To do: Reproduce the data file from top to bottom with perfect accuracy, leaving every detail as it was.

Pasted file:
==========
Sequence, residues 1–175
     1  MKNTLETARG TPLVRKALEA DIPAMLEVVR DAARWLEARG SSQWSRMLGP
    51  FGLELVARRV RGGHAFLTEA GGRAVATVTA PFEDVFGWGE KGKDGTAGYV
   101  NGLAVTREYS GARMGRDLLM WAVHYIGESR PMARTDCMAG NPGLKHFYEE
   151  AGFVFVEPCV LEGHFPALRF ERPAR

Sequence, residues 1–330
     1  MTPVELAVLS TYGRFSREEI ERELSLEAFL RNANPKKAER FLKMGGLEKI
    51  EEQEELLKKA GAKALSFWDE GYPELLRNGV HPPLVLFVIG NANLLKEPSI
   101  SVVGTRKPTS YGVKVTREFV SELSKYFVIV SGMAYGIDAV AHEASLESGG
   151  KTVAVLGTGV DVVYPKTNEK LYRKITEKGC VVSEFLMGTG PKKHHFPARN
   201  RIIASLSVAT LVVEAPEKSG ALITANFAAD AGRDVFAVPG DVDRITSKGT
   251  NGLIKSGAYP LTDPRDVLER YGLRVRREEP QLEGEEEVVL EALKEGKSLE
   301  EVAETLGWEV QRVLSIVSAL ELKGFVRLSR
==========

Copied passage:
Sequence, residues 1–175
     1  MKNTLETARG TPLVRKALEA DIPAMLEVVR DAARWLEARG SSQWSRMLGP
    51  FGLELVARRV RGGHAFLTEA GGRAVATVTA PFEDVFGWGE KGKDGTAGYV
   101  NGLAVTREYS GARMGRDLLM WAVHYIGESR PMARTDCMAG NPGLKHFYEE
   151  AGFVFVEPCV LEGHFPALRF ERPAR

Sequence, residues 1–330
     1  MTPVELAVLS TYGRFSREEI ERELSLEAFL RNANPKKAER FLKMGGLEKI
    51  EEQEELLKKA GAKALSFWDE GYPELLRNGV HPPLVLFVIG NANLLKEPSI
   101  SVVGTRKPTS YGVKVTREFV SELSKYFVIV SGMAYGIDAV AHEASLESGG
   151  KTVAVLGTGV DVVYPKTNEK LYRKITEKGC VVSEFLMGTG PKKHHFPARN
   201  RIIASLSVAT LVVEAPEKSG ALITANFAAD AGRDVFAVPG DVDRITSKGT
   251  NGLIKSGAYP LTDPRDVLER YGLRVRREEP QLEGEEEVVL EALKEGKSLE
   301  EVAETLGWEV QRVLSIVSAL ELKGFVRLSR